LEWISTON – Two years ago, goaltender Peter Delmas walked into the Lewiston Maineiacs’ training camp. Barely noticeable, Delmas slinked around the Androscoggin Bank Colisee at 6-feet and a slender 162 pounds.

He earned the coveted job as Jonathan Bernier’s backup, and late in the season, with the team on its way to a league championship, filled in for the injured star goalie for 30 games.

Last year, with both goalies back, Delmas arrived at camp a bit heavier, a bit taller, and a bit faster.

But he was still considered the backup.

Not this year.

“I came in every year thinking I was going to be the No. 1, or trying to be the No. 1,” Delmas said, “so my attitude hasn’t really changed.”

Being drafted by the National Hockey League’s Colorado Avalanche this summer hasn’t hurt, either.

“Now, they want to see see how I do as a No. 1 goalie,” Delmas said. “They want to see me come back here, develop some more, and we’ll see where it goes from there. It gives you a bit more motivation.”

Now bulked up to nearly 190 pounds and listed at 6-3, Delmas looks the part of a seasoned veteran, too.

“When I went to Colorado, I saw how big all those guys were, and it makes you want to train harder,” Delmas said. “I’ve put on a few pounds and I feel a lot stronger and faster.”

Being a bit bigger also means being a bit more intimidating between the pipes to opposing shooters. That, he said, is a big part of the game.

“You always want to play big,” Delmas said. “This summer, I focused a lot more on coming out a bit and cutting down the angle, playing as big as I possibly can to fill up all the holes.”

The team’s coaching staff, meanwhile, also expects big things from its goaltender.

“We have very high expectations for Delmas, as he does for himself,” Maineiacs’ goaltending coach Reg Bourcier said. “He’s going to have a bigger role in terms of leadership on this team, too.”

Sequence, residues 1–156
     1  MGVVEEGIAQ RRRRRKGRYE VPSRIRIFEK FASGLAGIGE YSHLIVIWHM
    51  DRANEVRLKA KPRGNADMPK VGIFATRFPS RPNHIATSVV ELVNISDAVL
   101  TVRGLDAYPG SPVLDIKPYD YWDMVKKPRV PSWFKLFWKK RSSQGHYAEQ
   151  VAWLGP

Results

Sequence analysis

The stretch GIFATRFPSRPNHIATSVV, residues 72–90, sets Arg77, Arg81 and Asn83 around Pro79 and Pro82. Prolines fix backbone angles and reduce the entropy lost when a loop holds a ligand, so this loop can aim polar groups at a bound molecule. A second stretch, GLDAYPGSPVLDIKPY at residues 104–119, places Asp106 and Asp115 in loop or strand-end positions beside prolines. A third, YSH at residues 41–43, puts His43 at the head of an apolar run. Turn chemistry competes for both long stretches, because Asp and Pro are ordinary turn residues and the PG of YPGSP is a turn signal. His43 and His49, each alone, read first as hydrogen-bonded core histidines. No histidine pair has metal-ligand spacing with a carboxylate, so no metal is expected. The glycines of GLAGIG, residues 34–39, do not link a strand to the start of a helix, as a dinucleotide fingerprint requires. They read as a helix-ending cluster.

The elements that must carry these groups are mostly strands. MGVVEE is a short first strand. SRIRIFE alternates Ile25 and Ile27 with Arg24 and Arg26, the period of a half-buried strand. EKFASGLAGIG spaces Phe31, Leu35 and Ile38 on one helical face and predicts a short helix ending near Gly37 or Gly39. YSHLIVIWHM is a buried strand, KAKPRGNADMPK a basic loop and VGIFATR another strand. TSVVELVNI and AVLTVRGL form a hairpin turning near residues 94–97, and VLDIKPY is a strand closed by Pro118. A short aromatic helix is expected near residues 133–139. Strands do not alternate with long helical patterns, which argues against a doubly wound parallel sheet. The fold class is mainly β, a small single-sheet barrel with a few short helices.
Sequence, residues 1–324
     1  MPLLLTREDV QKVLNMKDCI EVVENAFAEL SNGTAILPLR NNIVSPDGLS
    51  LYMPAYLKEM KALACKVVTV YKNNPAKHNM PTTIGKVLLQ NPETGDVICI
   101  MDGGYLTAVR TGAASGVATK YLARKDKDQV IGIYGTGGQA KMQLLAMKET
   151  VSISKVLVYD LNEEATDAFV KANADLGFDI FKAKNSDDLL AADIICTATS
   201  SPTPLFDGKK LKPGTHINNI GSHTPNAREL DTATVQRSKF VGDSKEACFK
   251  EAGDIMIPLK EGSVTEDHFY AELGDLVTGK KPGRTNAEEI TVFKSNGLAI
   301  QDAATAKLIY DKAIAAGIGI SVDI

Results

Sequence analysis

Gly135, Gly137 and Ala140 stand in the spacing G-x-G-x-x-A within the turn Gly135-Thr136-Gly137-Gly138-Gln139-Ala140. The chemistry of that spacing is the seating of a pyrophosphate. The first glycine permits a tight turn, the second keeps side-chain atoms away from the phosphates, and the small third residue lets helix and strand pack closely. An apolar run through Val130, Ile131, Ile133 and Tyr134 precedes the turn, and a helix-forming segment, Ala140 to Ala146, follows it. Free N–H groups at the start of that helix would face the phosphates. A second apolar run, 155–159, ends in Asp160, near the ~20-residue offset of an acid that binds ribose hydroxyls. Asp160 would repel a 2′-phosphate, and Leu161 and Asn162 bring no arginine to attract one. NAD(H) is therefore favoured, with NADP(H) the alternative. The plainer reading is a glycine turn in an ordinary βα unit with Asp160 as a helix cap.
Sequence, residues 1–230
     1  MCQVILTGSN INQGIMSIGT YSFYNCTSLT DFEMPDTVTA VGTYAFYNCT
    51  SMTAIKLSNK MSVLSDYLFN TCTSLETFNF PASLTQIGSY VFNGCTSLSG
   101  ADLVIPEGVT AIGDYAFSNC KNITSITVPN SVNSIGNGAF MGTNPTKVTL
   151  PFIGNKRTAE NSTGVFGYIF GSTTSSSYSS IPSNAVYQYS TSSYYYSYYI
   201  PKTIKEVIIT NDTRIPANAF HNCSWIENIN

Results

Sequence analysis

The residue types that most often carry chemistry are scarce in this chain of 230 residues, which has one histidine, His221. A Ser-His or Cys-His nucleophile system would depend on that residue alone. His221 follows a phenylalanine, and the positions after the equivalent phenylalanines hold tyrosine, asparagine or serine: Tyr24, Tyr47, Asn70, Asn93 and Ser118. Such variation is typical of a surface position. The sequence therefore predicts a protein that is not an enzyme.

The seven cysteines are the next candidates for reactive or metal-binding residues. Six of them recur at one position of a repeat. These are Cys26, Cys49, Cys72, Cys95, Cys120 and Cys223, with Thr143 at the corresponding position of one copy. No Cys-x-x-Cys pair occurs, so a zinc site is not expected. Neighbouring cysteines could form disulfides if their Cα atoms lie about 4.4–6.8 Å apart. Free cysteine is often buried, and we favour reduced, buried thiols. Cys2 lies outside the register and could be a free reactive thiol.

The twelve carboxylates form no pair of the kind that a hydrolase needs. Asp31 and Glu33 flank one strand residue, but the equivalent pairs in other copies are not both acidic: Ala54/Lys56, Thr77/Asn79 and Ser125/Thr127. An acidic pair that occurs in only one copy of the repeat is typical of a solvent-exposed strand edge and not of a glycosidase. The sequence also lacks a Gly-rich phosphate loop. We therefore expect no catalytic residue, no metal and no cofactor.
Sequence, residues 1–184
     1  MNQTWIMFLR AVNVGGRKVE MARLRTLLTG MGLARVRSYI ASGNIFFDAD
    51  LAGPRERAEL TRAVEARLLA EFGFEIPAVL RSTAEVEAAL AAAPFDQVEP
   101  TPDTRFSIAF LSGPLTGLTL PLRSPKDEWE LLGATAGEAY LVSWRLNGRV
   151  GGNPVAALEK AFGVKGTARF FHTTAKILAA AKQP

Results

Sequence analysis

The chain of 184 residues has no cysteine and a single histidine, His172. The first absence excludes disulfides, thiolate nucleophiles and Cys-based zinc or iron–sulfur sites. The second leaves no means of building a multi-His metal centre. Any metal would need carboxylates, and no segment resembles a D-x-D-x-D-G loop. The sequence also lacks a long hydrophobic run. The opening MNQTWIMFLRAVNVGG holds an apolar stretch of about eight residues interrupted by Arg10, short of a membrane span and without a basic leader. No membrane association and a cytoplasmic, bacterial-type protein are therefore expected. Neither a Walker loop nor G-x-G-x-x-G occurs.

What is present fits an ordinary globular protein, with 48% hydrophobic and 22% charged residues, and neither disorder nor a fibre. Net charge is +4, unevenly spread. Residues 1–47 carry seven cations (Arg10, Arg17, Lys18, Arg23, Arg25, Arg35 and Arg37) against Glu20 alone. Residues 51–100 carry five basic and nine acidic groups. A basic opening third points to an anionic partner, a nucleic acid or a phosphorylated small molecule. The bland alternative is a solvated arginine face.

Part of that leadership role will be to help bring along the next heir apparent to the team’s goaltending throne – whomever that turns out to be.

“They’re all battling it out right now,” Delmas said. “They’re all battling hard, and when you have guys behind you working hard, it makes you work hard, too.”

Kirk Rafuse entered camp with an apparent leg up on the competition, having seen action with the Maineiacs in five games last season.

“It definitely helps, in terms of the speed,” Rafuse said Sunday. “You have to come into camp ready, and I think I can do better than I’ve done so far. You just have to bear down and give it your best.”

Lewiston also drafted a goalie in June, 17-year-old Jonathan Connely, and he, too, has started well this camp.

Add to the mix Marc-Antoine Coulombe, a veteran of last year’s training camp, and invited netminder Phillip Wright, and the competition for a pair of goaltending spots heated up considerably.

“Peter Delmas is going to be gone the first few games,” Maineiacs’ coach Ed Harding said, referring to Delmas’ planned trip to the Avalanche’s rookie camp. “Because training camp is so short, we only (had) five goalies here. I wanted to see these guys play a lot. I want Rafuse, and Connely, and Coulombe, and Wright, in a lot of these games to see what they can do in different situations.”

Delmas will still get his fair share of time, though. On Sunday, August 31, he played 20 minutes of 3-on-3 hockey, and was easily the best of the three goalies who suited up.

Wright, meanwhile, allowed just one goal on 21 shots against Victoriaville, while Coulombe allowed three goals on 17 shots.

After the second game against Victoriaville on September 1, the team sent Rafuse and Coulombe packing, leaving, for now, Wright and Connely to back up Delmas to begin the season. There is plenty of pressure on the goalies in this year’s camp.

For once, though, Delmas isn’t the one feeling the pressure.


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